Orangeville has been busy. They recently finished their Veterans Memorial monument and gazebo at the city cemetery. They are busily preparing for the Orangeville Days celebration which begins July 19. At their July council meeting they handled the business of the city, the meeting started with an opening prayer by Courtney Cox and pledge of allegiance to the flag by Carole Larsen followed by the approval of minutes from previous meetings, and the approval of bills and warrants.
Orangeville City Fire Chief Tracy Addley reported on a recent fire in the Joe's Valley Area caused by a propane gas leak. Addley said, he was short on people to help with this structure fire and there is a need for trained volunteer fire department personnel available during the daylight hours. He said the fire department needs more young people ranging in ages 18-50. He even has some ladies on the fire department. He has asked a number of people, but they do not want to volunteer. Addley indicated that the Fire Department may not be volunteer much longer, meaning that cities may have to have paid fire fighters some time in the future.
The volunteers are required to take training in several areas of expertise at an expense to the volunteer. Training for certificates in such areas as Wild Land Fires costs $100; Hazardous Material costs $100; Fire Fighter one-$150; Fire Fighter two-$200, Fire Fighter 3 and 4 costs $250 each. Addley requested that the city reimburse those volunteer fire fighters that obtain these certificates as each course takes several hours of training and in some cases two days. Wild Land Fire Training is required each year and is a four hour refresher. The above training certificates have to be renewed each year. Addley said, "To be fair to those who have already paid for the training the reimbursement should be retroactive."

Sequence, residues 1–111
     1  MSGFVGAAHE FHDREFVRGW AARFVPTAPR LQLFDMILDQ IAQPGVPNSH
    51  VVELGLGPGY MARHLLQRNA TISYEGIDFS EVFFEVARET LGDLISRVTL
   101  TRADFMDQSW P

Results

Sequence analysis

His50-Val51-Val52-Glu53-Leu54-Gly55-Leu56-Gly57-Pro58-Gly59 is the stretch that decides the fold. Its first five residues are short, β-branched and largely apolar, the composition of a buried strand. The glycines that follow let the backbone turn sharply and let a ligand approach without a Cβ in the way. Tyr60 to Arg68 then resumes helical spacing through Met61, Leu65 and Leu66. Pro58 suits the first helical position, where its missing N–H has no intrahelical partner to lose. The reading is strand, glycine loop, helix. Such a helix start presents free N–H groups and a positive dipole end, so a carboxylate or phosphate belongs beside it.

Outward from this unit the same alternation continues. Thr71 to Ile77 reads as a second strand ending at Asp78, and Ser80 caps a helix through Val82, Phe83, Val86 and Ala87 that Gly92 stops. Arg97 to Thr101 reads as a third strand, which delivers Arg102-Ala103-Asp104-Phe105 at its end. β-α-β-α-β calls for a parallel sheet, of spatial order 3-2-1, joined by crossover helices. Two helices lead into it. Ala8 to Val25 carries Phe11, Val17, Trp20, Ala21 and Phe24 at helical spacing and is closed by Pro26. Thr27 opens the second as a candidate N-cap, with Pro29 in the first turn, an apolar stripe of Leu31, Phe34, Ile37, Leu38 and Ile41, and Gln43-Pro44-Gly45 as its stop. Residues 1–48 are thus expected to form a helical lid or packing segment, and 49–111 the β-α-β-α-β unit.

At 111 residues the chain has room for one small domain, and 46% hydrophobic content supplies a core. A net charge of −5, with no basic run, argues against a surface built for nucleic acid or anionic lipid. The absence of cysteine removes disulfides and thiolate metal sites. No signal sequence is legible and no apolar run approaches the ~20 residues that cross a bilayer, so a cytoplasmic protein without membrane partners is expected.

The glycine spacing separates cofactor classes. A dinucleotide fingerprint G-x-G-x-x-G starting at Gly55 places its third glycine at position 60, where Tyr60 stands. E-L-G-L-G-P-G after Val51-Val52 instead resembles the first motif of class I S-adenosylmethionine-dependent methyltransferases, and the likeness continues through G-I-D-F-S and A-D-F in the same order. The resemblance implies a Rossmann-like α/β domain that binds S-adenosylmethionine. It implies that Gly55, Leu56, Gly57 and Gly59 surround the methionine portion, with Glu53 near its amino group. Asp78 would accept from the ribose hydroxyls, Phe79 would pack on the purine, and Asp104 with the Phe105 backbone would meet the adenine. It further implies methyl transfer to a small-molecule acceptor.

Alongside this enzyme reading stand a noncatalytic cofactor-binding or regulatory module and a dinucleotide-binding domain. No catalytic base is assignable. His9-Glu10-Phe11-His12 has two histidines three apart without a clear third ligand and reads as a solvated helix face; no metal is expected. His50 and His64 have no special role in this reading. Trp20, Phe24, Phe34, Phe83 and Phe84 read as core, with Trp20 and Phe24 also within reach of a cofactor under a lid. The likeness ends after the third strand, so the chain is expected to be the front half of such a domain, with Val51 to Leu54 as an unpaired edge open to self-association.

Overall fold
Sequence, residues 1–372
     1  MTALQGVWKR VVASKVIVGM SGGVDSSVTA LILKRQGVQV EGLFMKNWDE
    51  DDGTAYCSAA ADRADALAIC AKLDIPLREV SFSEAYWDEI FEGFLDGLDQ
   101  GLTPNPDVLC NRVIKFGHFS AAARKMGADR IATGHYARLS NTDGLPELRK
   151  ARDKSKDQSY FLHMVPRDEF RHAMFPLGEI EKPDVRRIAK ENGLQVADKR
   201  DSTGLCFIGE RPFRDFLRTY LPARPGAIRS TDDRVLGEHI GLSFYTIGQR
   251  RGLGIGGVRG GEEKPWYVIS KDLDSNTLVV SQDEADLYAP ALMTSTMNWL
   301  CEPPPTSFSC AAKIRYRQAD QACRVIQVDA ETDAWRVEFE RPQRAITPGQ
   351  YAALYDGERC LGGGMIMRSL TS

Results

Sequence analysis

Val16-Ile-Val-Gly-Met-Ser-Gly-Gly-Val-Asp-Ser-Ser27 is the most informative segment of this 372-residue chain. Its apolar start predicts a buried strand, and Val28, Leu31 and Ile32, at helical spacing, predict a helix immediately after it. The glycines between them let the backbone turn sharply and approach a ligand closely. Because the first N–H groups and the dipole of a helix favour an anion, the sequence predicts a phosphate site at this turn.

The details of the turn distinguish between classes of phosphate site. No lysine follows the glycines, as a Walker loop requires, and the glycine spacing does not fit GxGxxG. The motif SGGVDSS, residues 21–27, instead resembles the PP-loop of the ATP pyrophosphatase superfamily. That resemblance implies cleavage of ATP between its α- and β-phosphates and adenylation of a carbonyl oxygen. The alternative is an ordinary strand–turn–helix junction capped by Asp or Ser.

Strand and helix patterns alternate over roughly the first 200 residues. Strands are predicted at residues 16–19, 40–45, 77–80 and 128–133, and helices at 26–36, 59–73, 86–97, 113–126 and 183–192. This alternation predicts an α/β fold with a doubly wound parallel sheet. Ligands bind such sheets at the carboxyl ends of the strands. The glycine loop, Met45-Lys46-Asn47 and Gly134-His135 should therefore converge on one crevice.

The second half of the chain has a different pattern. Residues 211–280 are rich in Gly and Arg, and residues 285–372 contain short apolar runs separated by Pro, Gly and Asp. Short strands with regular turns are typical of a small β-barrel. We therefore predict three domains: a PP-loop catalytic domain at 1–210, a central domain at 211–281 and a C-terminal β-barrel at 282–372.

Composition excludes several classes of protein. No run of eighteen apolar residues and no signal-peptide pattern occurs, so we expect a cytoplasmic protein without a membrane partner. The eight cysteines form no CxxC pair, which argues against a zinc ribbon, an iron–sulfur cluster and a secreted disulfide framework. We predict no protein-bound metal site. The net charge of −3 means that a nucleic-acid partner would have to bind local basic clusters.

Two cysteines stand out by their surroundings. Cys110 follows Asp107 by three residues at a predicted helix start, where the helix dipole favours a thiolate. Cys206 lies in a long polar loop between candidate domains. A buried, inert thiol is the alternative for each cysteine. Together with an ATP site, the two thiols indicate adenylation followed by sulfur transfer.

Members of the City Council felt that the fire fighters should be compensated for this training. According to Addley the State of Utah is soon going to make it mandatory that all fire fighters be trained as Fire Fighter one. The higher levels of training requires an increase in cost and more time in classes. The city fire department has 15-16 volunteer fire fighters and not all of them will want to take the training. Wild Land Fire training is set up for now and after all the hunts there will be Fire Fighter one training.